For obtaining fixed voltage levels, 78XX series ICs may be employed with the above explained power supply circuits. The 78XX ICs are comprehensively explained for your refernce

Nowadays transformerless SMPS power supplies are becoming the favorites among the users, due to their high efficiency, high power delivering features at amazingly compact sizes.
Though building an SMPS power supply circuit at home is surely not for the novices in the field, engineers and enthusiasts with comprehensive knowledge about the subject can go about building such circuits at home.

You can also learn about a  neat little switch mode power supply design.

There are a few other forms of power supplies which can be rather built by even the new electronic hobbyists and does not require transformers. Though very cheap and easy to build, these types of power supply circuits cannot support heavy current and are normally limited to 200 mA or so.

Transformerless Power Supply Design

Two concepts of the above transformer less type of power supply circuits are discussed in the following couple of posts:

By Using High Voltage Capacitors,

By Using Hi -End ICs and FET

Feedback from One of the Dedicated Readers of this Blog

Dear Swagatam Majumdar,

I wish to make a psu for a micro-controller and its dependent components...

I want to get a stable +5V out and +3.3V out from the psu, I'm not sure of the amp-age but I think a 5A total should be enough, there will also be 5V Mouse and 5V Keyboard and 3 x SN74HC595 IC's too and 2 x 512Kb SRAM ... So I really dont know the amp-age to aim for....

I guess 5Amp is enough?.... My MAIN question is which TRANSFORMER to use and which DIODES to use? I have chosen The transformer after reading somewhere online that the bridge rectifier cause a VOLT DROP of 1.4V in general and in your blog above you state the bridge recitfier will cause the voltage to go up?...

SO I am unsure (I am unsure anyway being new to electronics) ..... The FIRST transformer I chose was this one. Please advise me which one is BEST for my needs and which DIODES to use too.... I would like to use the PSU for a board very similar to this....

Please help and guide me the best way to make a suitable MAINS 220/240V PSU which gives me STABLE 5V and 3.3V for use with my design. Thank You In Advance.

How to Get Constant 5V, and 3V from Power Supply Circuit

Hello, you can achieve that simply through a 7805 IC for getting the 5V and by adding a couple 1N4007 diodes to this 5V for getting approximately 3.3V.

5 amp looks too high and I don't think you would require this much high current unless you are also using this supply with an external driver stage carrying higher loads such as a high watt LED or a motor etc.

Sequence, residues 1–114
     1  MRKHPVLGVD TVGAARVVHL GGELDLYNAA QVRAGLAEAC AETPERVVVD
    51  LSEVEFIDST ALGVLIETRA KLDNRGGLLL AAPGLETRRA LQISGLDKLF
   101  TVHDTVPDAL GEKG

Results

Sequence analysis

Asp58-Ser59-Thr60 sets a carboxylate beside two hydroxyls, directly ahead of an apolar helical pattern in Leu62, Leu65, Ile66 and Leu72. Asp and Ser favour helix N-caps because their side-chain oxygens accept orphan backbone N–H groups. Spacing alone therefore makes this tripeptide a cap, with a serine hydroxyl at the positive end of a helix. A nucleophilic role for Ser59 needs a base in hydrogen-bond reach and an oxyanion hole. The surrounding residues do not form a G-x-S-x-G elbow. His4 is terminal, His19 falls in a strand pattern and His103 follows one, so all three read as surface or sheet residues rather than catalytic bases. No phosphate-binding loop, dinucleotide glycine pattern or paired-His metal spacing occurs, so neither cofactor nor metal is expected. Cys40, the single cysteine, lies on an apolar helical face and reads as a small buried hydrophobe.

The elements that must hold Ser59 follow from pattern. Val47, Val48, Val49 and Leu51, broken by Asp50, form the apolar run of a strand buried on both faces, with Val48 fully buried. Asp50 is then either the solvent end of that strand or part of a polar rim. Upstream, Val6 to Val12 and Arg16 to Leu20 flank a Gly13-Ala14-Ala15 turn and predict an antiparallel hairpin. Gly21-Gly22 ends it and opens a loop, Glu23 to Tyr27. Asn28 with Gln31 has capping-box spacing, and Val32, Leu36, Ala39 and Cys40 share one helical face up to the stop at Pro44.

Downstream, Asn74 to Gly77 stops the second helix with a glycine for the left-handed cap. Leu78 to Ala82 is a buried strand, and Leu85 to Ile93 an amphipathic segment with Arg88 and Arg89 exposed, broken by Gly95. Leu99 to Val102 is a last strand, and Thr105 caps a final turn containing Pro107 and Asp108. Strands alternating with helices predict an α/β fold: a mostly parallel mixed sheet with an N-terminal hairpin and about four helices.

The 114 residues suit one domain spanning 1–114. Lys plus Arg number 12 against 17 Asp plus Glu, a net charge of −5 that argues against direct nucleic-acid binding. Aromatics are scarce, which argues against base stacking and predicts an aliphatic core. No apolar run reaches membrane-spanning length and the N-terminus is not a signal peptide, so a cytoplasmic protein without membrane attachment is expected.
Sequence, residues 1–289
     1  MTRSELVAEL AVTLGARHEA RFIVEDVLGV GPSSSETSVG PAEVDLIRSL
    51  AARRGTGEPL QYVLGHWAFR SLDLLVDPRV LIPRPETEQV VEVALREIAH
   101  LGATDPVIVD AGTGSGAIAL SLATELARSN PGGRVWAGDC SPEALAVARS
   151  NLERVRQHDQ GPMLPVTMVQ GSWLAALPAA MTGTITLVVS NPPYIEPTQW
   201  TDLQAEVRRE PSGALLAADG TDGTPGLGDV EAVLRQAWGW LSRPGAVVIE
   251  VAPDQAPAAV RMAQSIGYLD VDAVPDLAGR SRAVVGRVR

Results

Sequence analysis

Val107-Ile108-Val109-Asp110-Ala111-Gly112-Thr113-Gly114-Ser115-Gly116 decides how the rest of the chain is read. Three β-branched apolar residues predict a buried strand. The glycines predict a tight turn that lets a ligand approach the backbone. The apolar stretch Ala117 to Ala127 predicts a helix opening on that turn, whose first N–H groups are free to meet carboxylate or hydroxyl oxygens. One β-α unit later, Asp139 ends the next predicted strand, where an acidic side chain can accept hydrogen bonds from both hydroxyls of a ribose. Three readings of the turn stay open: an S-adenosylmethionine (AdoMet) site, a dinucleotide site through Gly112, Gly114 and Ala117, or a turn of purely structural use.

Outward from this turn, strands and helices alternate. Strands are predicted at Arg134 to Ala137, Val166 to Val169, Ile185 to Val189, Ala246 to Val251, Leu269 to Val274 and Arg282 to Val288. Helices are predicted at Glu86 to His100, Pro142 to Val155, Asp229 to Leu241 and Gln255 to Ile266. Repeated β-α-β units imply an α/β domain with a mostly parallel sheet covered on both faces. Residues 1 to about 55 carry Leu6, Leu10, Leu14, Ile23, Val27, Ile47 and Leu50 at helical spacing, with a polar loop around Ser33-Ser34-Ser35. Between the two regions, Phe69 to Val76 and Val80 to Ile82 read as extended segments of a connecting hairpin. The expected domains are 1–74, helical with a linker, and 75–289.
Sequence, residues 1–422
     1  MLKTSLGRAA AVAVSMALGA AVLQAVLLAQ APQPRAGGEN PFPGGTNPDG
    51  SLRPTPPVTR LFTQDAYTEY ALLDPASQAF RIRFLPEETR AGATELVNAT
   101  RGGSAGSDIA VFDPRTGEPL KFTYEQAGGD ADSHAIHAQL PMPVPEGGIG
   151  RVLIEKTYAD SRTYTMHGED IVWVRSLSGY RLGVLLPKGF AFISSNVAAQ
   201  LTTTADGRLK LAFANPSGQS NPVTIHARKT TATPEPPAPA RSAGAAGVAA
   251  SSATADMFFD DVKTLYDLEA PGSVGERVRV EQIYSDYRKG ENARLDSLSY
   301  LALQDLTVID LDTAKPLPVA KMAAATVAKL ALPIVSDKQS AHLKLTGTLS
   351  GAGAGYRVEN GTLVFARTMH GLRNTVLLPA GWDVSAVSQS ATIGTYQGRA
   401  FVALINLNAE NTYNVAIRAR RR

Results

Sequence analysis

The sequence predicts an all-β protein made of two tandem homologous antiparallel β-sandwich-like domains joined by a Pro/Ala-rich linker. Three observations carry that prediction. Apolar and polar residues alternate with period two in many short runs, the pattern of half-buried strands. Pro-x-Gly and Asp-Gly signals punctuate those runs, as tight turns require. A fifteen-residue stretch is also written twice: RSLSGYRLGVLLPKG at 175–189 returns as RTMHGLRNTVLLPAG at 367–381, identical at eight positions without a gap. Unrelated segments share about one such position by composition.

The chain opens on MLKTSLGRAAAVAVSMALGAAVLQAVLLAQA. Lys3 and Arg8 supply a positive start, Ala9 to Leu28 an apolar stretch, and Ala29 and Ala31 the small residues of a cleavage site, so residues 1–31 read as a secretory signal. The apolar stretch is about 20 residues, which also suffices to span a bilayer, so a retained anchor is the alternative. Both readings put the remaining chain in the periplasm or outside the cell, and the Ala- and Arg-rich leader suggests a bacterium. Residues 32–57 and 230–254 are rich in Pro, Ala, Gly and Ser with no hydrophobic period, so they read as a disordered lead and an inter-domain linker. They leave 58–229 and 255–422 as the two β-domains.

so I am sure that your requirement can be easily fulfilled through the above mentioned procedures.

for powering MCU through the above procedure you can use a 0-9V or a 0-12V trafo with 1amp current, diodes could be 1N4007 x 4nos

The diodes will drop 1.4V when the input is a DC but when it's an AC like from a trafo then the output will be raised by a factor of 1.21.

make sure to use a 2200uF / 25V cap after the bridge for the filtration

I hope the info will enlighten you and answer your queries.

The following image shows how to get 5V and 3.3V constant from a given power supply circuit.

simple 5V and 3.3 V regulated power supply circuit using IC 7805

Making a Fixed 12V Regulator Circuit

In the above diagram we can see how an ordinary 7805 regulator IC could be used for creating a fixed 5V regulated output.

In case you wanted to achieve a fixed 12V regulated power supply, the same configuration could be applied for getting the required results, as shown below:

12V, 5V Regulated Power supply

Now suppose you had circuit applications which needed a dual supply in the range of 12V fixed and also 5V fixed regulated supplies.

For such applications the above discussed design could be simply modified by using a 7812 IC and then subsequently a 7805 IC for getting the required 12V and 5V regulated power supply output together, as indicated below:

how to connect IC 7812 in a 12V power supply

Need Help? Please send your queries through Comments for quick replies!


Swagatam said…
Thanks you!

you mean by using discrete transistors or mosfets??
Natwar Nogaja said…
Hello Sir,
Day's Greet.

I find this site is is very interesting and I like it very much.
Sir,I am using LM2576 to get 5V.
Input to the LM2576 should be minimum 7V.
Max current handling capacity of LM2576 is 3A
My transformer is 9V,1A.
Load is 0.70A.
What should be the value of capacitor.
I got the value of load from DC power supply by providing 9V at the input of Bridge rectifier.
Please, suggest the solution and its formula.

Please reply me this here as well as on my email-id
Swagatam said…
You can refer to the following post, it explains the entire procedure of calculating filter capacitors in power supplies.
Guille Hermann said…
thank you for everything sir.
but I developed a 5v power supply, it works well but my worry is that the output current is to small so, how can I increase it thank you.
Swagatam said…
The output current will depend on the transformer rating....if you have used a 7805 IC the transformer could be rated at 1 ampere.
Thanks for the article.
I need to step-up 8V(p-p) 1MHz AC signal,which type of transformer should I use?
Swagatam said…
you will need a ferrite ring type of transformer for this.
Sir please can u give more details on this? and is it easily available? I require it on urgent basis.
Swagatam said…